If you haven’t seen No Time To Die yet, but have avoided spoilers for three months, then more power to you. Also, you should probably not read any further. Here be spoilers about Bond! The director of No Time To Die, Cary Joji Fukunaga, has confirmed a few things about Bond and THAT ending.
There is a certain proportion of fans out there who seem to believe it is some kind of trick. That the message “James Bond Will Return” at the end of the titles signals that, in fact, the character is not dead. That it will mirror the end of the novel that was a major inspiration for the movie – You Only Live Twice – in that Bond will be seriously injured, but alive.
Others have pointed to the movie version of You Only Live Twice in which Bond is seemingly killed before the opening titles, only for it to have been revealed as a ruse. Already, inevitably, fan-fiction is circulating online that includes him being recovered, unconscious, disfigured, by a Royal Navy destroyer to be nursed back to health as Henry Cavill.
This is despite three of the writers and the special FX supervisor who worked on that scene confirming that he is very much dead.
Now director Fukunaga has gone on the record with Empire to discuss the scene. An injured Bond knowingly sacrifices himself to ensure the missiles, coming to destroy Safin’s stocks of deadly nanobot virus, reach their target. In the process, he saves Madeleine Swann and their daughter from being infected by a version coded to them by Safin that Bond has been infected with.
Fukunaga says he is definitely dead. There is no last-minute reprieve, a trick, or miraculous recovery. The choice of the final shot of Bond was a deliberate decision even if it gives some fans hope that it wasn’t his end.
He says he just feels that Bond deserved a noble, rather than gory, end:
“I wasn’t trying to be obtuse with it. I wanted to be clear with it. But I wanted it to be tasteful. We didn’t want that shot in Terminator 2 where you see Sarah Connor turning into bones. But we wanted to show that he wasn’t going to jump down a sewer at the last second. So that wider shot of the island being pummeled was a mixture of macro and micro. The full effect is, ‘Yes, he’s gone, but he succeeded in making sure none of [those] weapons would go on into the future.’”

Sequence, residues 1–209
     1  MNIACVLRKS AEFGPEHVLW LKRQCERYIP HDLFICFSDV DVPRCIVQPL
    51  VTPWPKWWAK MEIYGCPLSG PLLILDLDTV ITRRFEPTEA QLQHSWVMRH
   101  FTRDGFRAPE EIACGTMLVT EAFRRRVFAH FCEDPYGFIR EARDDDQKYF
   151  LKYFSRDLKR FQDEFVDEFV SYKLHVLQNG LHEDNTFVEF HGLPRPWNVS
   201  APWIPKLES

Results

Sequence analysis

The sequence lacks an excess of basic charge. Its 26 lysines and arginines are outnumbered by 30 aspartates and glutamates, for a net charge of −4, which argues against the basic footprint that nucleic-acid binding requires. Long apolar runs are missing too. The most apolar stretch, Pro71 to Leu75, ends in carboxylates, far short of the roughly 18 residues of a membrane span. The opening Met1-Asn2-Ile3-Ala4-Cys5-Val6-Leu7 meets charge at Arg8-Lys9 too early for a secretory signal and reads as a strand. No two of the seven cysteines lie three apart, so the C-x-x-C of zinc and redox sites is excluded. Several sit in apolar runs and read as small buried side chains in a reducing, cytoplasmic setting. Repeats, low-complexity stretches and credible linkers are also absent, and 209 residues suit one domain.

Other shot choices in No Time To Die are just as deliberate, such as the child Madeleine merging to the adult Madeleine in the water at the beginning of the movie, and when Madeleine and Mathilde, in the Aston Vantage, drive into the tunnel with the final shot in the entire movie resembling the classic 007 gun barrel.
“It felt like closure, like closing off the past and closing off the story. It’s that last sentence in a paragraph in the last chapter of a book, just to try to make it feel satisfying.”
So there you go, internet. You can put it to bed now. Daniel Craig’s version of Bond existed from Casino Royale through Quantum Of Solace, Skyfall, Spectre, and into No Time To Die, where he met his end.
It’s a separate Bond microverse, self-contained, just like Christopher Nolan’s Batman. James Bond will return, and it will be a reboot of some kind. Just like Batman, if that helps you get your heads around it and enables you to move on and stop with the poorly written fan-fiction.
This is confirmed now by the writers, the FX supervisor, the director, the producers, and finally James Bond himself – Daniel Craig.
No Time To Die is out on DVD, BluRay, streaming and digital now.